Word Search is a familiar and popular pastime for many people. It is engaging and offers cognitive challenges as well as providing positive feedback finding the hidden words. Depending on the person, it can often be done with little supervision. Unfortunately, people with Alzheimer's or dementia often stop doing puzzles such as word search because they find the puzzles too challenging and have difficulty completing them. This does not have to be the case.
Using puzzles specially designed for people with dementia that have larger print and fewer words may allow the person to regain their enjoyment in doing the puzzles. The key is to start with easy puzzles to allow the person to be successful, moving to more difficult puzzles only if the person completes the easier puzzles with minimal assistance. There is no benefit in “pushing” the person, it is much more important that they successfully complete the puzzle independently.
Start by sitting at the table with the easiest level word search and ask the person if they would like to help you with a puzzle. If they say no, just start doing the puzzle and they may just come over to see what you’re doing. If they don’t, try again another time. Once the person is interested in the puzzle, follow their lead. If they point to a word in the word list, encourage them to find it. If they have trouble, try pointing to the first letter of the word in the grid, then give them time to find the rest of the word. If they still have trouble, try highlighting the first letter or even the whole word so that it stands out from the grid. Remember, whenever possible demonstrate rather than explain.
When the person finds the word, praise them and if necessary, show them how to circle the word and cross it off the word list. When they complete the puzzle congratulate them and ask them if they would like to do another one. If they completed the first puzzle with ease, ask them if they would like to try a different level, otherwise give them another puzzle at the same level. It is important to not increase the level of difficulty until the person is ready. Let them build on their success. We offer word search puzzles for people with dementia in three levels, including four hidden words in a 6 x 6 grid, six hidden words in a 10 x 10 grid and ten hidden words in a 15 x 15 grid. At all levels the hidden words run only from left to right and down. There are no words that run diagonally, backwards or up.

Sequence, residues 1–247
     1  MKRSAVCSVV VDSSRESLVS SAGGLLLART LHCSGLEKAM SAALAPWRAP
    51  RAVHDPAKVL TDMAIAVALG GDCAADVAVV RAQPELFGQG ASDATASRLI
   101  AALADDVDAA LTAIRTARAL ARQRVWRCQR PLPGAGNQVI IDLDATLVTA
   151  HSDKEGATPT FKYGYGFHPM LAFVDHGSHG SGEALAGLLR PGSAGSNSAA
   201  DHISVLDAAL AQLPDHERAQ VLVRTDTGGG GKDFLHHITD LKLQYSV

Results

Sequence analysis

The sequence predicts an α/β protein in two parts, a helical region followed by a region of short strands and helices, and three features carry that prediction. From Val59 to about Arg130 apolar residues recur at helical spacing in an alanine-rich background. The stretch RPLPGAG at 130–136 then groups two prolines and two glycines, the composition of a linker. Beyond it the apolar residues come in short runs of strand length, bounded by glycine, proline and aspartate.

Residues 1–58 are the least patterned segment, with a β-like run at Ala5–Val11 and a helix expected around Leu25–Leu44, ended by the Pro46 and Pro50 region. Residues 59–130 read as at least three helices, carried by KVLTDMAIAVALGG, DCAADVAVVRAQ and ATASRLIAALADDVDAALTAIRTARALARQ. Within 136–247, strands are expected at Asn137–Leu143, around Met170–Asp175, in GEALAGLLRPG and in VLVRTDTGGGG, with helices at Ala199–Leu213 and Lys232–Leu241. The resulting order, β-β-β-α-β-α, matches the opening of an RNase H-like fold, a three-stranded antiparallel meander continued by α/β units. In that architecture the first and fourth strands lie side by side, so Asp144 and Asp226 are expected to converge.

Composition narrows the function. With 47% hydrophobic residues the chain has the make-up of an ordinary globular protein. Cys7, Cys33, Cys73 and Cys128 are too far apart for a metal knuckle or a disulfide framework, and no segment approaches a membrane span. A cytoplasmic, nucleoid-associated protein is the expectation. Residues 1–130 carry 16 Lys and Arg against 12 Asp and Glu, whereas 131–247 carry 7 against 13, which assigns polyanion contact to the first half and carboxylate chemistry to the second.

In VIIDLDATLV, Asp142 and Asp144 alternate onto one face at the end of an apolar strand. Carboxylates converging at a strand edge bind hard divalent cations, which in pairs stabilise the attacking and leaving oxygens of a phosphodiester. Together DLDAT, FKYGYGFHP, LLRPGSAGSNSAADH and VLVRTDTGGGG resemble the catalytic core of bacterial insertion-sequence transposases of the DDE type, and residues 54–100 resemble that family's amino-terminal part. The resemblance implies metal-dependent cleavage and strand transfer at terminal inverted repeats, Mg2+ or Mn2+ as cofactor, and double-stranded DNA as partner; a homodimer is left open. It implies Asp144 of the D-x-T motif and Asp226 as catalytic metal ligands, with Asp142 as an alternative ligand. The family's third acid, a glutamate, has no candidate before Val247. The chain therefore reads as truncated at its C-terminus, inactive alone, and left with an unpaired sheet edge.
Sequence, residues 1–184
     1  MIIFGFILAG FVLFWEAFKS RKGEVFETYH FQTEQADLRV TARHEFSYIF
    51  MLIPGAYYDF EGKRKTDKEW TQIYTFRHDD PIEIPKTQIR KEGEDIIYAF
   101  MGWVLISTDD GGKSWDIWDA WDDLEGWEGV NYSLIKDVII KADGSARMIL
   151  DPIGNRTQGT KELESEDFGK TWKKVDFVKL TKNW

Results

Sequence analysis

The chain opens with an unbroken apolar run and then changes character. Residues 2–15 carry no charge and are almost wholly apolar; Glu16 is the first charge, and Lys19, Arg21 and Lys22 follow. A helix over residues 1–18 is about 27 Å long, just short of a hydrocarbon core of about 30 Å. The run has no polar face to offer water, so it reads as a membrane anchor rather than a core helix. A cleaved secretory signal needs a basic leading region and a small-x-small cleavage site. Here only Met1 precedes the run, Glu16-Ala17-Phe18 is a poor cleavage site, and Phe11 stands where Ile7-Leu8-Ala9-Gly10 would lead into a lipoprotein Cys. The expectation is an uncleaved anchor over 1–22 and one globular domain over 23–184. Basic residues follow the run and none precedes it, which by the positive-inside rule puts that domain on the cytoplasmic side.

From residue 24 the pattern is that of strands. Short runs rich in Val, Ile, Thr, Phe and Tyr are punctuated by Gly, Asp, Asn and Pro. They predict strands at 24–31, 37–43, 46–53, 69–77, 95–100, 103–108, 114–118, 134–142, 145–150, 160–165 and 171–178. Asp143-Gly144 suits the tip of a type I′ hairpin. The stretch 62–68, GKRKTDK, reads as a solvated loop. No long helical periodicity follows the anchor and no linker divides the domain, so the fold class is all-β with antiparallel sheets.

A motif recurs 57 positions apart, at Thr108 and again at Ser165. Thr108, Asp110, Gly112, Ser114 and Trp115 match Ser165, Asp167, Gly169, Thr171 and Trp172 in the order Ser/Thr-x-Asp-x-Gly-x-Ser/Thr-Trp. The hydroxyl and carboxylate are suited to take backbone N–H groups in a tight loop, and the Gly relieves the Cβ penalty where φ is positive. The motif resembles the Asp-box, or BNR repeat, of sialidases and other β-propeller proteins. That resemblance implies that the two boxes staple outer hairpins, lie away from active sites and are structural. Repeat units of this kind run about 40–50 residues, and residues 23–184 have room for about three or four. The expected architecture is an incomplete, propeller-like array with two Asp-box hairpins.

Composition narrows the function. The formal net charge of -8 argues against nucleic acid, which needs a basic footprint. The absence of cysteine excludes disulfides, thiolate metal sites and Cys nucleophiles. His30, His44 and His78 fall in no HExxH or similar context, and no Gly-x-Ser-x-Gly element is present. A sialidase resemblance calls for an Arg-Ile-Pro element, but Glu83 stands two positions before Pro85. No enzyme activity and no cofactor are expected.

If you’re just getting started and don’t know where to begin, try our multi-level Grab & Go that includes 6 puzzles, two at each level, or for more variety use our full Word Search Book with 24 puzzles, 8 at each level. If you find that the person enjoys one level more than the others, use our single level Grab & Go with all 6 puzzles at the selected level. We find that even when someone with dementia is able to do a higher level puzzle, there are days when a lower level is more suited and it’s good to have a variety for those days. At the bottom of this post we have included a link to download a Level 1 (easy) and Level 2 puzzle that you can try.
Sometimes a person is successful with Level 1 puzzles but struggles with Level 2, not because they are too difficult, but rather, because they have difficulty reading the puzzle due to vision problems. If this is the case, we offer special Low Vision Level 2 and Low Vision Level 3 puzzles printed on larger paper in a larger font and wider spacing.
It is possible that once the person has been successful with the Level Three 15 x 15 puzzles they may be able to do some easier “regular” word searches, but be careful that they do not get frustrated. Do not attempt this until the person can successfully complete Level 3 puzzles with ease. If they have trouble with the regular puzzles, congratulate them on what they've done and next time go back to an easier puzzle.